The COVID pandemic has been tough on kids—and Rica Velasco knows that better than most.
As the guidance counselor at St. Joseph’s Parish School in Waipahu, Velasco has grappled with soaring demand for counseling services among students over the last two years. She’s sought to not only meet those needs but give kids new tools to appropriately express their feelings and manage them.
That’s why she worked with St. Joseph’s Principal Beverly Sandobal to roll out an innovative social-emotional learning program across all grade levels that’s already had a positive impact on young lives.
“When we opened after the COVID lockdown…students and parents were afraid to return to school. Students were anxious and depressed, having difficulty with organizations and coping,” she said. “Since this program was implemented, students are more willing to talk about their feelings.”
Velasco’s dedication, her compassion and her service have been noticed.
And at a ceremony May 19, Chaminade University and Hawaii Catholic Schools named Velasco the Hawaii Catholic Schools Teacher of the Year for 2022, presenting her with the Golden Pine“apple” Trophy along with $1,000 from Chaminade and John C. and Mary Lou Brogan, $1,000 in gas cards from Par Hawaii’s Hele Gas and $1,500 for St. Joseph staff development from the Augustine Educational Foundation.
The honor left Velasco beaming—and humbled.
“I was shocked to receive this recognition since I work alongside many innovative and outstanding teachers at St. Joseph who inspire me every day,” she said. “I am passionate about my work and grateful for this acknowledgment. Our team allows us to move mountains. I’m blessed to be part of this school.”
In addition to serving as the guidance counselor at her school, Velasco is the technology director and even steps in as a substitute teacher when needed. Her technology director hat has kept her particularly busy during the pandemic, with launching online and hybrid learning platforms and troubleshooting.
She also oversees her school’s one-on-one distribution of digital devices to students.
“Online learning was a challenge and an opportunity for our teachers to leap into digital learning,” Velasco said. “Today, I’m proud that all our teachers use technology to engage and enhance learning. Technology is constantly changing, and it challenges me to be open to change in all that I do.”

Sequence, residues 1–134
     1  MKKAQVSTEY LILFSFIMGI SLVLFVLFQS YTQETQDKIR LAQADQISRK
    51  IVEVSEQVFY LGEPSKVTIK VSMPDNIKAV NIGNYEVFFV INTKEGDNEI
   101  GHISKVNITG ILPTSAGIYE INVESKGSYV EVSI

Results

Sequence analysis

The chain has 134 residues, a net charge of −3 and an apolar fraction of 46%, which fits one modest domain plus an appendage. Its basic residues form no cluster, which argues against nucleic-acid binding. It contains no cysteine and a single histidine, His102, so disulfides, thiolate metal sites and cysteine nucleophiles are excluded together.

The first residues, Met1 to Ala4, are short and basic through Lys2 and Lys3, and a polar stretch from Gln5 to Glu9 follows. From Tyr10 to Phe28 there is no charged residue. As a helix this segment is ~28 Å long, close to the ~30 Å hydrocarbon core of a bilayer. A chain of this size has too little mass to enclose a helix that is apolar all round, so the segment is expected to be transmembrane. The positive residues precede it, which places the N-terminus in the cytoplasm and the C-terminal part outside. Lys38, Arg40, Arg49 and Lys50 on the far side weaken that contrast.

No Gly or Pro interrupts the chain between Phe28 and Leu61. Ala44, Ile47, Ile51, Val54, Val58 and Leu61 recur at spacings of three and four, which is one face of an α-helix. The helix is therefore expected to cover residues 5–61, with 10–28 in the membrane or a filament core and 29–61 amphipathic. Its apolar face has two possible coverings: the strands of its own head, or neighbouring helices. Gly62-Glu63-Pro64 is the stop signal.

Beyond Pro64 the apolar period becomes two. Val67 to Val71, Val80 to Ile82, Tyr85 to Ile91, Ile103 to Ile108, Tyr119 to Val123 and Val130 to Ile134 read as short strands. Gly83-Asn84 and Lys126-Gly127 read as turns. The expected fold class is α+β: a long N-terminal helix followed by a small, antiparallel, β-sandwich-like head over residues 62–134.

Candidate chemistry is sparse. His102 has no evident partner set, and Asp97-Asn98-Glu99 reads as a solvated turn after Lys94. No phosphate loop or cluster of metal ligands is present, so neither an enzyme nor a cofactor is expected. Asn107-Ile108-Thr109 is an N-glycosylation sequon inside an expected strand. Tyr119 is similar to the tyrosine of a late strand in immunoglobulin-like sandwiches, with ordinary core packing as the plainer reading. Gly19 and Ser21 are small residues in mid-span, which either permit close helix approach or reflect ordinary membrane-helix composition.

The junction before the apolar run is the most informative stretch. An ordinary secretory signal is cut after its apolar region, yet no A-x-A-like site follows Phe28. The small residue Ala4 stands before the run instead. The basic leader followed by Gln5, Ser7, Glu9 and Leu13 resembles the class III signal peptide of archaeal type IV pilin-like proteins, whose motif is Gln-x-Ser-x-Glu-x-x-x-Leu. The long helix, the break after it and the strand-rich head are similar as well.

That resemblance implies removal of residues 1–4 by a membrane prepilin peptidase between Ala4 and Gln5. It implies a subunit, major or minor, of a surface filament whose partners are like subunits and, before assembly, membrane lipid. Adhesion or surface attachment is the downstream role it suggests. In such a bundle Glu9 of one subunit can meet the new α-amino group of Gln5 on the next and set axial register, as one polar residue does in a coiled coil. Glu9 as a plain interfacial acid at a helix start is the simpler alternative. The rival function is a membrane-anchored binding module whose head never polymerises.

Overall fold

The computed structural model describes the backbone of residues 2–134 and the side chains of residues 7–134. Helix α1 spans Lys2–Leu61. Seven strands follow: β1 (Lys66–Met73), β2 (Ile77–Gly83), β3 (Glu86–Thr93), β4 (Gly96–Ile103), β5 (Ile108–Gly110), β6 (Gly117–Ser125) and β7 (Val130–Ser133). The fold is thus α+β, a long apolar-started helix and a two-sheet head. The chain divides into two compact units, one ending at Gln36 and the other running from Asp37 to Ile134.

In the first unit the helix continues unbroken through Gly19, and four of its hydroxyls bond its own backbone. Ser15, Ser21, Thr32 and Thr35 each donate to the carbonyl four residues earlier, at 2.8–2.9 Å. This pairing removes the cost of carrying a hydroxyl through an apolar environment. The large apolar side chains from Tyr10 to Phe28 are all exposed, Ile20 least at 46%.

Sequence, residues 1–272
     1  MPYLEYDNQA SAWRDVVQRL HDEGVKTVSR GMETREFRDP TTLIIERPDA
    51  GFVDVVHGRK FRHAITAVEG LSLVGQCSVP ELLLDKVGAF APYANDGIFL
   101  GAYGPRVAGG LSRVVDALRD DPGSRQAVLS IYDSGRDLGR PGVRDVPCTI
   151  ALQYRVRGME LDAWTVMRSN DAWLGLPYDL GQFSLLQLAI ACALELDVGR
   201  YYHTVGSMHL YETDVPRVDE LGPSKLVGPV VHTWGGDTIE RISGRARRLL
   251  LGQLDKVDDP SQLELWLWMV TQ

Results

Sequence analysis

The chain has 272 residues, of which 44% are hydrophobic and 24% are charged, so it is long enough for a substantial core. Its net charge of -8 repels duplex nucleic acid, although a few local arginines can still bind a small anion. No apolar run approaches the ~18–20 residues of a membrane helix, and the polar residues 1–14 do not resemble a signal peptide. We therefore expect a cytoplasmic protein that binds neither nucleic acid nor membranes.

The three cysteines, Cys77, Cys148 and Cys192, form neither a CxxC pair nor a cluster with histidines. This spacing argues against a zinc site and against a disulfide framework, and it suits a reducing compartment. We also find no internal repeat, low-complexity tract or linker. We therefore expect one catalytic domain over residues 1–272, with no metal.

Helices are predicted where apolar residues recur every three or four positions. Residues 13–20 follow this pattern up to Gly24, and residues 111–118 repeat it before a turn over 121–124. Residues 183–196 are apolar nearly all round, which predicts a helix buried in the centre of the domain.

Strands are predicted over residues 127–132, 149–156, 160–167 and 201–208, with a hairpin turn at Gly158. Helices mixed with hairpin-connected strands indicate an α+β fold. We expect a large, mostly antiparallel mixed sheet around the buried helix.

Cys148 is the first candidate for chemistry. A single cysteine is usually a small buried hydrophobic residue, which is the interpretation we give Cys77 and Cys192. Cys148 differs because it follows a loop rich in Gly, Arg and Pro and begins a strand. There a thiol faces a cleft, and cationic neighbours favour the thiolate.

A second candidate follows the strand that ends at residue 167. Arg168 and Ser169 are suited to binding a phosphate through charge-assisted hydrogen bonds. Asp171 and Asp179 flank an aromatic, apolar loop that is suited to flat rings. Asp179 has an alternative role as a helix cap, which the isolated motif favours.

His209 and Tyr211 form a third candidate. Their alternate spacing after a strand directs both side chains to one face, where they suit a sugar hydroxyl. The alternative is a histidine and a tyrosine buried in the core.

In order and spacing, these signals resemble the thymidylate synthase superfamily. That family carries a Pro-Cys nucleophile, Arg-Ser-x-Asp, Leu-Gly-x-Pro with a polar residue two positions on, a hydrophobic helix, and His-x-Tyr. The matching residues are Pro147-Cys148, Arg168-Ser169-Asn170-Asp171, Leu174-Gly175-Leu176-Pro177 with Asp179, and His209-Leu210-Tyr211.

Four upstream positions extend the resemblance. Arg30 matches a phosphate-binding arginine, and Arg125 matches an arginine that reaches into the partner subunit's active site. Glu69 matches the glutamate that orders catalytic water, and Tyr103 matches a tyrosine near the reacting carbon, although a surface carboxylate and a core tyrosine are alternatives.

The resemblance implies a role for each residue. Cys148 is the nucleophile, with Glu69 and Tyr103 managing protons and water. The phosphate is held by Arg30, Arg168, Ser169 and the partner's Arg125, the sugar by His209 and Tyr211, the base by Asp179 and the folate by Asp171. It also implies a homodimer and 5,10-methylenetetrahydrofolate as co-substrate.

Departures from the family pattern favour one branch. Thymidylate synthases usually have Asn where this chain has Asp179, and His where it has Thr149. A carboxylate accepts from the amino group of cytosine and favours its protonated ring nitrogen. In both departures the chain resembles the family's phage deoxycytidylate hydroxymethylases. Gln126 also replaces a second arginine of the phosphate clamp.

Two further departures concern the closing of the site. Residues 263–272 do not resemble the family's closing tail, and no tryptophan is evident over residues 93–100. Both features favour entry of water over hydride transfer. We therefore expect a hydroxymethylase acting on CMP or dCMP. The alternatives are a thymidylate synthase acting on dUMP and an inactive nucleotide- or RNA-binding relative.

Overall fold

But it is her role as guidance counselor, watching students develop into “empathetic, confident and collaborative individuals,” that Velasco most enjoys. “Meeting with students who have difficulty making friends and then seeing them on the playground laughing with others is a joy for me,” she said.
Colleagues who nominated Velasco for the award said her implementation of the social-emotional learning program has made a significant difference at the school, especially as students and teachers alike navigate the “new normal” of the pandemic. “It helped both teachers and students cope with the uncertainties of living with COVID,” one colleague wrote. Another said that Velasco has created an environment that fosters empathy, understanding, and strong and healthy relationships.
Sandobal, the school principal, said she couldn’t agree more.
She related the case of one kindergartner who had difficulty speaking to peers and teachers alike. Velasco, she said, helped create safe places so the student could begin to confidently express herself.
“The student is now in third grade and is not afraid to articulate her thoughts and ideas inside and outside the classroom,” Sandobal said. “We and her parents are so proud to celebrate her progress.”
Sandobal added that as school counselor, Velasco has also helped address bullying by working with teachers and students, conducting classroom observations, and creating a daily report card to accomplish specific goals. She has also provided teacher training on behavior plans.
“Living out the school’s mission is the central point and focus of all the work that Rica does as counselor,” Sandobal. “With her focus on relationship building, she has provided significant ways for us provide a safe, caring, family-oriented environment that is centered in Jesus Christ.”
Velasco said she looks forward to continuing the growth of her social-emotional learning program, including by facilitating new conversations with parents and community members. “Our school faced many challenges over the past couple years,” she said. “We grew and changed together and walked away more competent, resilient and faith-filled. I look forward to what God has in store for us.”